Software Development for mobile devices

The mission of the Eclipse.org Device Software Development Platform (DSDP) is to create an open, extensible, scalable, and standards-based development platform to address the needs of the device (embedded) software market by enabling developers and vendors to create differentiated, specialized, and interoperable solutions to help customers and users of Eclipse-based products develop device software faster, better, and at lower cost.

DSDP was initially proposed with two Wind River sponsored sub-projects, Device Debugging (DD) and Target Management (TM). Because of their growing importance, a few months after project creation, two additional projects were added: Mobile Tools for the Java Platform (MTJ) and Native Application Builder (NAB).
The importance of doing Java right
The Java programming language is becoming more and more popular in mobile devices, thanks to an ever-growing richness of the language and libraries. Mobile devices are also becoming more powerful and advanced, with faster processors, more memory, and larger displays. Developing applications for the mobile Java environment presents unique challenges for developers.

Specifically, unlike the straightforward J2SE and J2EE environments, there are a number of mobile configurations and profiles, such as the Mobile Information Device Profile (MIDP) on top of the Connected Limited Device Configuration (CLDC) and "Foundation" and "Personal" Profiles on top of the Connected Device Configuration (CDC).

There are also mobile-related Java Specification Requests (JSR's) such as JSR248 (Mobile Service Architecture for CLDC) and umbrella JSR's such as Java Technology for the Wireless Industry (JTWI) that require development tools to assist in managing the runtimes/class libraries for development work and runtime binding.

This ability to develop for multiple targets and use common source code with different build configurations is critical in mobile Java development projects. In addition to this management of runtimes and the related challenges, mobile Java applications have unique launching and debug requirements. Unlike J2SE or J2EE, applications are not always simply placed on a server for download as needed. Rather, developers often require device emulators for debugging and testing on the development host.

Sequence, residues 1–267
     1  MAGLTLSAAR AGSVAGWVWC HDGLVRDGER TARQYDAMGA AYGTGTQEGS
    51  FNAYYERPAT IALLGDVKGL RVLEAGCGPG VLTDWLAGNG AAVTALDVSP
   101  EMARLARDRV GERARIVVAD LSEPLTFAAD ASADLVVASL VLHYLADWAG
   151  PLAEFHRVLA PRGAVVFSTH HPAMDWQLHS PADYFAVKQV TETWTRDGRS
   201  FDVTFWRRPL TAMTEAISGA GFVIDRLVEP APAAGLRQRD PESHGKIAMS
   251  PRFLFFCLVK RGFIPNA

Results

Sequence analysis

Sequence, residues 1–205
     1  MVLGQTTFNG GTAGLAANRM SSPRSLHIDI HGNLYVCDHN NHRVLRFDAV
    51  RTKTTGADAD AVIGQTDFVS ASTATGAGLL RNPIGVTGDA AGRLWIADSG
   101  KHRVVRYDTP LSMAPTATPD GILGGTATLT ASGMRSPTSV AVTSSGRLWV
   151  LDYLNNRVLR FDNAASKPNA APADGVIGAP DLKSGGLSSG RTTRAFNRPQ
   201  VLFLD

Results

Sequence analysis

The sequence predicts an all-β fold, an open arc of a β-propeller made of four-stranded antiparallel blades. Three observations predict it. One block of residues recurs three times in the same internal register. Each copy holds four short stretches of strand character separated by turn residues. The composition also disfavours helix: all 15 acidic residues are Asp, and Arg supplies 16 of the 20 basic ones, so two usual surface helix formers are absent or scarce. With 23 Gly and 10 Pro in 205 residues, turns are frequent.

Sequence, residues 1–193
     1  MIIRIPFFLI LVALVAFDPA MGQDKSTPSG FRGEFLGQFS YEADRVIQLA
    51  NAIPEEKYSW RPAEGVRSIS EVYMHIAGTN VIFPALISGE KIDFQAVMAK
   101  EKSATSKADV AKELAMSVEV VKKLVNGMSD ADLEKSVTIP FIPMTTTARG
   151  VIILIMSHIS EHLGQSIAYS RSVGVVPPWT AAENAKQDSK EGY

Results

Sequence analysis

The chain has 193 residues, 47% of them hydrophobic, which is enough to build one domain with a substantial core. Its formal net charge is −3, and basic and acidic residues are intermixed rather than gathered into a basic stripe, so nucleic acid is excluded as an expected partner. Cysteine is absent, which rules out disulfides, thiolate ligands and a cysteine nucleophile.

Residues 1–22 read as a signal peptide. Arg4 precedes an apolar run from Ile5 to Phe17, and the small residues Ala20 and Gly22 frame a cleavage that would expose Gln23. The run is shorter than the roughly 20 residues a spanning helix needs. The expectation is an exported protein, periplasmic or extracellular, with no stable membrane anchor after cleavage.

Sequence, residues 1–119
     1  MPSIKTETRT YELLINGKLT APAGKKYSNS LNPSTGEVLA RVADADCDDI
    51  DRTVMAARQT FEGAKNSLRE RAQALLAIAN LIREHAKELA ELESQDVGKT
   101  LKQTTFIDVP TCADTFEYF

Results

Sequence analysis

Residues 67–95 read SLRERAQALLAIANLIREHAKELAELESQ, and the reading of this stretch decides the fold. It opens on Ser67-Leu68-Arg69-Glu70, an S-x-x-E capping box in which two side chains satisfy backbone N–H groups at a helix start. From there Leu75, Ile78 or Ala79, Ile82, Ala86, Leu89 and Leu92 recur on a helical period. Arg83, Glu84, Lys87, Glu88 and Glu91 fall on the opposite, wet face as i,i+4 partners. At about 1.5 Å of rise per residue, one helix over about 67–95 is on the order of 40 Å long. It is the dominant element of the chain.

Developers also require the ability to deploy, launch, debug, test, and analyze performance of the applications on the actual devices themselves, which can have different methods and levels of connectivity based on the class of the mobile device. Along with this requirement is the need for a robust deployment solution that can map to a final production environment.

Finally, the mobile Java developer still requires the normal set of development tools (editor, code generation and refactoring, UI design, etc.) Having a common set of tooling and frameworks across the mobile Java space makes the development effort and cost manageable for developers and reduces the learning time when moving from one mobile platform to the next.


You might also like

Why old iPhones become sluggish over time  — Macworld
One of the unusual consequences of being in the computer business is that I tend to own more devices than the average person.

Q&A

avatar
What's the ideal workspace for a web/mobile developer?

Since web/mobile developers are sitting down for most of the day, I would suggest integrating a standing desk into the workspace.
There are plenty of articles and research explaining the ill effects of prolonged sitting. If you didn't know already, it's hazardous to your